Australian Broadcasting Commission has recently been the subject of investigation by the Parliamentary Standing Committee on Broadcasting and, in a report submitted to Parliament by the committee on the 4th July, 1946, the majority of the members recommended that the act should be amended to provide that the commission shall : - (a) establish its own independent service in- respect of Australian news'; and (b) procure its overseas news direct, through its staff abroad, from such overseas agencies as the commission deems fit, as well as from such independent sources as the commission deems it desirable to use. The majority of the committee felt that, as the commission has a special charter in the Broadcasting Act to establish group? of musicians for the rendition of orchestral, choral and band music of high quality, it should also have a special charter^ in the act to establish groups of journalists for the attainment of its objective of independence in the sphere of Australian news, and. as far as possible, overseas news. The Government agrees, and accordingly it is proposed to insert in the act the provisions of clause 5 of the bill. In reaching this conclusion, the Government has been influenced by' the fact that, by the very nature of things, the commission will always be hampered in ite efforts to secure independence in connexion with its news services while it has to rely almost entirely on other parties for the provision of the information on which its news sessions are based.

As honorable members are aware, sections 89 and 90 of the act prescribe the conditions to be observed by both the Australian Broadcasting Commission and commercial broadcasting stations in the treatment of political broadcasts.. Under section 90, it is necessary for a broadcasting station to announce the true name of every speaker delivering an address or making a statement on a political subject or current affairs, both before- and after such address or statement. If the address or statement is made on behalf of a political party, the name of the party concerned must also be . disclosed.. No provision is, however, made in the- relevant section requiring the identity of the actual author of any such address or statement to be disclosed. It i3, therefore, proposed, in clause 11 of the bill, to amend section 90 of the act to remedy this weakness and to stipulate that the name of the speaker may be announced only at the end of statements containing fewer than 100 words.

The effect of the alteration proposed in clause 15 is to liberalize the conditions under which broadcast listeners' licences at half of the ordinary fee may be granted. Section 98 of the Australian Broadcasting Act authorizes the grant of half-fee licences only to a person who is in receipt of an invalid and. old-age pension, who lives alone or with another such person. These restrictive provisions deny the concession to many pensioners whose physical condition requires the presence in their residences of a person other than a pensioner, even though the person attending to the needs of the pensioner may have little or no income. The amendment proposed would overcome this difficulty by permitting a half-fee licence to be granted in cases where the invalid or old-age pensioner resides with a person whose income does not exceed the maximum amount of income and pension allowed under the Invalid and Old-age Pensions Act. Provision is also being made for the grant of the concession, on the same conditions, to " service " pensioners under the Australian Soldiers' Repatriation Act and to persons in receipt of a pension under the Widows' Pension Act. The other amendments provided for in the bill are unimportant.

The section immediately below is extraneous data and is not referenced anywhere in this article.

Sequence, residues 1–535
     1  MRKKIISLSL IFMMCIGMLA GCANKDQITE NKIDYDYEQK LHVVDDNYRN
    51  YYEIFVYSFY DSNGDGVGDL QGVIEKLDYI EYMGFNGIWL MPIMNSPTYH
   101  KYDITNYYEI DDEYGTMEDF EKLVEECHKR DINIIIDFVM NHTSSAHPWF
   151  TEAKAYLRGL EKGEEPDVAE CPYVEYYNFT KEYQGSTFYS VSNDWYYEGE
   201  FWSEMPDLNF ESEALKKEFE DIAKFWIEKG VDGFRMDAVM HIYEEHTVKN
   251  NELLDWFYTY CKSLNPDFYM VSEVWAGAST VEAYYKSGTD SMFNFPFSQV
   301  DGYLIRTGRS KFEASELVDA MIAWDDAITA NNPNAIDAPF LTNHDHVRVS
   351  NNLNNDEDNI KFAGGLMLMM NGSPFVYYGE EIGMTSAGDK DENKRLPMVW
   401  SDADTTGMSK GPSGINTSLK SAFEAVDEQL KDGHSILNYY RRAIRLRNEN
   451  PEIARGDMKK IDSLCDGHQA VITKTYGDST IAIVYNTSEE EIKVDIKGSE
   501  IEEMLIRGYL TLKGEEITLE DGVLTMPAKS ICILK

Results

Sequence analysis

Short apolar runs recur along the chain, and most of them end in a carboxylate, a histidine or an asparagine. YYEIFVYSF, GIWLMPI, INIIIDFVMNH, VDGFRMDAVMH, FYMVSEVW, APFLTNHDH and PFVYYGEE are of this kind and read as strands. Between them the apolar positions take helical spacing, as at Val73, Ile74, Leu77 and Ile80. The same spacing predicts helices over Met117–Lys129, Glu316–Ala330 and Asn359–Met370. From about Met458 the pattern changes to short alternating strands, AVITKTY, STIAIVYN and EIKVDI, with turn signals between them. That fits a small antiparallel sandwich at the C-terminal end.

Mr Spender - Will the Minister say whether clause 18 is unimportant? What is its purpose?


Mr CALWELL - I do not wish to delay my distinguished colleague, the Minister for Transport (Mr. Ward), who wishes to go ahead with the Railway Standardization Agreement Bill; but, in committee, I shall be pleased to enlighten honorable members' on the purposes of that' and other clauses.

Debate (on motion by Mr. Francis) adjourned.

Silling suspended from 5.22 to 8 p.m.







Suggest corrections